*laughs with Will, pats him on the back* I feel your pain, man. Hand me that spoon when you're done!
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IreneY
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Post by IreneY » Sun May 18, 2008 10:04 pm

Hand me one too.

Question: Isn't Οικονόμου a rather old ( 1780 - 1857) non-expert scholar and isn't this book mostly about what he considers the right way to pronounce Greek?

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Post by ThomasGR » Mon May 19, 2008 6:01 am

That anyone at all has to explain that Latin isn't a child of Greek but a cousin
It escapes your attention that we all know that too well. My dumb problem is, at least I have this impression quite often, that dictionaries are not always precisely correct, have the tendency to stop at medieval French or Latin, underestimating the Greek contribution to form abstract words so easily, or jump directly to PIE. Latin is not a child of Greek. That's true, but when we deal with compound words, it should be mentioned who was the first to make this composition. For me, indigenus looks like a translation of endogenes. On the other hand, I expect too much from an online dictionary. To compressed all the knowledge in two lines.

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Post by Lucus Eques » Mon May 19, 2008 11:19 am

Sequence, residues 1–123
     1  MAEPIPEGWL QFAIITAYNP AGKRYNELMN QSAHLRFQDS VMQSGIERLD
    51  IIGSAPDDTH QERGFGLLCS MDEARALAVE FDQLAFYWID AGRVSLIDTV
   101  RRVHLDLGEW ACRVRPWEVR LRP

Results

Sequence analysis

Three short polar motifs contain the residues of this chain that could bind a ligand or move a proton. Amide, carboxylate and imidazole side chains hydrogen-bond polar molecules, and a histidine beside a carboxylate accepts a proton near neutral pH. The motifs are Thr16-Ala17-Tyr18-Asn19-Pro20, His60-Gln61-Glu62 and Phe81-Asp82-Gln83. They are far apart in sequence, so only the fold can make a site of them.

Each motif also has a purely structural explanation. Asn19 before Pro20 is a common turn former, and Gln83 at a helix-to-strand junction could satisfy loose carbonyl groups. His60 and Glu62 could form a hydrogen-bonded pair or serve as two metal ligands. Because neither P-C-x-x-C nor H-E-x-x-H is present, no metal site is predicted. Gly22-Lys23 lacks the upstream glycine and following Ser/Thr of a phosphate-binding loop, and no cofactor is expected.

I understand your feelings, Thoma. Nevertheless, "indigenous" is not a translation of "endogenes" any more than ego is a translation of á¼￾γώ.
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Post by annis » Mon May 19, 2008 9:06 pm


William S. Annis — http://www.aoidoi.org/http://www.scholiastae.org/
τίς πατέρ' αἰνήσει εἰ μὴ κακοδαίμονες υἱοί;

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Post by Bert » Tue May 20, 2008 12:39 am

Lucus Eques wrote:I love that IE family tree! I'm going to print that out and put it on my wall.
I recall seeing a language family tree once and seem to recall that Greek was much more closely related to Russian than this tree seems to indicate.
This could be due to the fact that it was not restricted to PIE so to make it overseeable a lot of the small branches and twigs may have been left off. The way I recall, Greek and Russian were lone sisters. This family tree I found in a (borrowed) book put out by a languages museum.

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Post by Bert » Tue May 20, 2008 12:56 am

annis wrote: That anyone at all has to explain that Latin isn't a child of Greek but a cousin — a distant one at that — leaves me with the same urge to dig out my brains with a dull spoon. It'd stop the burning sensation.
If it will ease the burning sensation I am willing to tell you that your pain has not been in vain for now I know a bit about the relationship. (Why it has to be so painful to explain this I do not know.)